As Toronto continues the process of choosing a new mayor, the other candidates and myself are rightfully going to be compared with one another.
But I think it's important to also think about how Toronto measures up against other cities, and what kind of mayor will lead this city to new solutions and meaningful change.
Around the world, city governments are making innovative changes to the way they manage their transit systems, allocate their budgets and provide their municipal services. Many of them are using open data and innovative public-private partnerships to solve problems similar to those we face here in Toronto.
In the last year, for example, the municipal government of San Francisco partnered with a startup called ReGroup to improve the city's emergency communications grid. New York City partnered with a small firm who helped them make it easier and cheaper to publish City financial data. And the British municipal body Transport for London used a public competition to develop software to make transit route planning easier for passengers with disabilities.
The solutions to 21st Century civic problems are often found through better ideas, not bigger budgets.
As Mayor, I want to engage this city's talented population of coders, engineers and social innovators to help us grow our startup community and improve public services.
If we want to find real efficiencies, we can't make mindless cuts: we have to change the way our city works.
As a first step, I will introduce a program to partner technology startups with City Hall offices. Startups would work directly with public service staff to add value, solving a particular problem creatively with better design, better use of data or better technologies.
This program, which I'm calling "innov8TO," would select up to eight startups through an annual competition, and pair them with individual City of Toronto departments.
Similar partnerships in other comparable cities have produced a range of new ideas, services and applications. And I know Toronto has the talent and the resources to make huge breakthroughs as well.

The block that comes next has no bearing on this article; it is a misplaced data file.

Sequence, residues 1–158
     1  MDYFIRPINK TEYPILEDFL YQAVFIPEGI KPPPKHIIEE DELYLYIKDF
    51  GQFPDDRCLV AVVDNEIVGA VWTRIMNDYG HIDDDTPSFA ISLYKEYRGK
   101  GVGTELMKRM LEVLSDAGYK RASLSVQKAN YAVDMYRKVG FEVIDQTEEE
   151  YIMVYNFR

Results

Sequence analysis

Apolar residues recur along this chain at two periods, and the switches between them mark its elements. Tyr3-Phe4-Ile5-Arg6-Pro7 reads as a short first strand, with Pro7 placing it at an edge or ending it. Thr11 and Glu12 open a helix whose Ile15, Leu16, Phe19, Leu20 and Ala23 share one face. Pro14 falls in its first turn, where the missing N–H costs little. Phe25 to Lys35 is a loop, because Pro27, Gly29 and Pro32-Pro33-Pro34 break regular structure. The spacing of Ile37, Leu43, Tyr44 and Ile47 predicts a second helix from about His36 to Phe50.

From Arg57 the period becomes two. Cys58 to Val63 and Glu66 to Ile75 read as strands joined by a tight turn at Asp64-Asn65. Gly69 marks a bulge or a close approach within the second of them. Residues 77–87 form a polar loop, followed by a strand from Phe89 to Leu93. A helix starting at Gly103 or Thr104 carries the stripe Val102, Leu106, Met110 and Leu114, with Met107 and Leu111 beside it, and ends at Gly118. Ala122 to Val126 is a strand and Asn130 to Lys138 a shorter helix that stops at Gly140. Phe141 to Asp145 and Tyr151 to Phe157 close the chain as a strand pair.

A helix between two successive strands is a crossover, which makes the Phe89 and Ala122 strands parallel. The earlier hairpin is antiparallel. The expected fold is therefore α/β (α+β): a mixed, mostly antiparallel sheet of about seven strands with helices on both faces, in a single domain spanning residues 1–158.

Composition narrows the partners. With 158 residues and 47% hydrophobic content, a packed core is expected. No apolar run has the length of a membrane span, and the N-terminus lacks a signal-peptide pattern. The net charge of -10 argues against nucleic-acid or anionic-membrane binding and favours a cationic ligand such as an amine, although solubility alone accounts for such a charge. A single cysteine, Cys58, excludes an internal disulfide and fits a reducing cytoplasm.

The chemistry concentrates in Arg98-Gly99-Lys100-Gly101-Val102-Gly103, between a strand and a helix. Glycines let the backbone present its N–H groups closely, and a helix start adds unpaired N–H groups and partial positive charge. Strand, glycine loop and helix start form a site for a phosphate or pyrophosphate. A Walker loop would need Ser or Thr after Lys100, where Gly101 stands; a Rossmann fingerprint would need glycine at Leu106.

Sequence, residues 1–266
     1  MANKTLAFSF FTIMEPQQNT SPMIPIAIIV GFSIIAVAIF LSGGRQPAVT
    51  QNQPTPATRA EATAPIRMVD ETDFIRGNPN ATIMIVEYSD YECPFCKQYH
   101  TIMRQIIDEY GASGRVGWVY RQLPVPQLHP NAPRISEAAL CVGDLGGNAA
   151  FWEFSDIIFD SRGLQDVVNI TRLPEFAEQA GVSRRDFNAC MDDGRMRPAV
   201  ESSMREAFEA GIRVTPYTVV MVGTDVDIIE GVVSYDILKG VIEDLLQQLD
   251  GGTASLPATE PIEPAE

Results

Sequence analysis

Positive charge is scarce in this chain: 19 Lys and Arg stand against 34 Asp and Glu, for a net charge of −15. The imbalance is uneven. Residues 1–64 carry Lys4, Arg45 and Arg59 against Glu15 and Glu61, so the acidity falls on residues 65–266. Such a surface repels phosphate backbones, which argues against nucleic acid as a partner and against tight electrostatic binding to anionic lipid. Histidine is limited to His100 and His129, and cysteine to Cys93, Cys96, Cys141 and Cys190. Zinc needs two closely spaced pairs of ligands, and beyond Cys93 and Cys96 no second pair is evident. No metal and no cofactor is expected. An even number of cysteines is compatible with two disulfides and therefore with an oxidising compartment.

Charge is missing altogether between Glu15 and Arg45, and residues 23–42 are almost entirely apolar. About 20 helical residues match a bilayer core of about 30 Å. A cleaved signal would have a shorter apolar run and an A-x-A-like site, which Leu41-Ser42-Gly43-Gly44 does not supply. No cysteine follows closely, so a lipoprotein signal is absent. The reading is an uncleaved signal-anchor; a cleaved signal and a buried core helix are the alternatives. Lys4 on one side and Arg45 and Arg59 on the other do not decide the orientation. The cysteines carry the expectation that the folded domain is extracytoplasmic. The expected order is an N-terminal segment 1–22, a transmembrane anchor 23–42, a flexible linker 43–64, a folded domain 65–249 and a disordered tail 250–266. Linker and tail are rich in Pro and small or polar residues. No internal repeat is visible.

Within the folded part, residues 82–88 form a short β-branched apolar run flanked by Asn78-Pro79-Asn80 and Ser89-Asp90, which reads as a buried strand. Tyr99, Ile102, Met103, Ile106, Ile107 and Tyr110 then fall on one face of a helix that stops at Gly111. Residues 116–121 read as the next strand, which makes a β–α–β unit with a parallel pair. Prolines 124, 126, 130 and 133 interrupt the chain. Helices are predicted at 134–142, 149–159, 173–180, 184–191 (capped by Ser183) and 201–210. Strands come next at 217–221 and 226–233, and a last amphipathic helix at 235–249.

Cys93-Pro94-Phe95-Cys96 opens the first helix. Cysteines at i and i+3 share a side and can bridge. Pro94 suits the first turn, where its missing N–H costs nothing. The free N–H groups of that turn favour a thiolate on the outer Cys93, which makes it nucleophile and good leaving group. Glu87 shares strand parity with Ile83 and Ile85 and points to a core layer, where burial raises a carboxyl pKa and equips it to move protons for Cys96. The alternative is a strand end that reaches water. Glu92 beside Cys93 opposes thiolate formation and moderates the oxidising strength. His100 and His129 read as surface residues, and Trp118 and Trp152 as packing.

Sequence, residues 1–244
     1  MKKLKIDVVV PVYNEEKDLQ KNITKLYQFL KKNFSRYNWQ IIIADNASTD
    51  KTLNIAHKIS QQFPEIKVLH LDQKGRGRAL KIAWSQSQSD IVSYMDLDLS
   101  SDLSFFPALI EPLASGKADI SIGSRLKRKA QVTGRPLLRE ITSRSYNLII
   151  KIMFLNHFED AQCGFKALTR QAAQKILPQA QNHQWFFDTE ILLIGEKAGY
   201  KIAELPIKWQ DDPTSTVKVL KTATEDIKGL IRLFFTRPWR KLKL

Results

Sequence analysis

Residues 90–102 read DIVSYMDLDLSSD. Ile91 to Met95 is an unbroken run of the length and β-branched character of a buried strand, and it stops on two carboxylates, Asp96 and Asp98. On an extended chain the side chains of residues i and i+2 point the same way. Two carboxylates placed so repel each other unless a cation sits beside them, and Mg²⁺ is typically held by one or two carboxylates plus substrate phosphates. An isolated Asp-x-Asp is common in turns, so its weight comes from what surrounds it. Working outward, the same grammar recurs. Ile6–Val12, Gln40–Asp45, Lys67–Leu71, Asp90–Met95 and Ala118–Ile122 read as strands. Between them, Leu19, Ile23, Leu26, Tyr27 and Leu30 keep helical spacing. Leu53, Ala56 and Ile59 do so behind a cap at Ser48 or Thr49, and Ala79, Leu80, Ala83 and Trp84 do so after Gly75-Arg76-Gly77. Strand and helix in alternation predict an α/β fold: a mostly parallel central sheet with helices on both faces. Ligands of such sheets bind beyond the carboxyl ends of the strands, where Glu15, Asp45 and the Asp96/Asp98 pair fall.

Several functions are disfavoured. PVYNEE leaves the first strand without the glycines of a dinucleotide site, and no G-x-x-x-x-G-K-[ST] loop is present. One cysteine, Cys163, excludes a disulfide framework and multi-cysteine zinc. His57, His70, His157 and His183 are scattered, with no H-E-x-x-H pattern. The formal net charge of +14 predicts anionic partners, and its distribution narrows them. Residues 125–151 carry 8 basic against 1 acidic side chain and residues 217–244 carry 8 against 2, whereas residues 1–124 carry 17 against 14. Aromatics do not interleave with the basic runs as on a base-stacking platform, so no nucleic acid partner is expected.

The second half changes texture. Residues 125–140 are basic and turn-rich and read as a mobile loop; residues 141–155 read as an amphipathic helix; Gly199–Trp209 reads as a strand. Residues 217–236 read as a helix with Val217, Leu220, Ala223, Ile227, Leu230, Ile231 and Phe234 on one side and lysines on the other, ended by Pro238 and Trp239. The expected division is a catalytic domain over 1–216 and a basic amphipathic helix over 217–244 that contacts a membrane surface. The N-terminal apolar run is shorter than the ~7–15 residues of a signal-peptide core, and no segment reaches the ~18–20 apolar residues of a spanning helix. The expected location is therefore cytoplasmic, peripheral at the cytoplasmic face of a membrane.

Today, I announced my plan at Ryerson's Digital Media Zone. I was hosted there by The SoJo, a social innovation hub dedicated to "turning ideas into action."
The DMZ is filled with similar startups that want to use technology to change the world. Toronto is home to many organizations and incubators for local talent and innovation, from OneEleven on Richmond Street to Extreme Startups, Rotman's Creative Destruction Lab, MaRS and the Centre for Social Innovation.
I believe City Hall should see the startups in these incubators as potential partners. We can solve Toronto's problems by harnessing Toronto's ingenuity. Part of this process, of course, will mean opening up increased access to public information. Open Data is developing as a key resource for citizen engagement, just as it can be a tool for small startups to develop new software applications.
As Mayor, I will make sure Toronto leads the way in data transparency. I want to disclose more datasets at accessible standards than any other comparable city in the world. But this information must also be easier for coders and citizens to use. Toronto's existing Open Data releases often have limited value because the data isn't in a usable format, or it isn't presented in a way that's friendly for casual review by ordinary citizens.
As Mayor, I'll make sure data releases are coder- and citizen-friendly, as seen with New York's presentation of financial data.
This approach has to be adopted throughout City Hall, so I'll make sure open data targets are included as a performance measure for all public service managers. The way we use information is changing and Toronto has to change too, in more ways than just choosing a new mayor.
My plan is simple: give Toronto's talented, innovative minds more access to City staff and data. Together, we'll find creative solutions, offer better services and encourage more Toronto startups in return.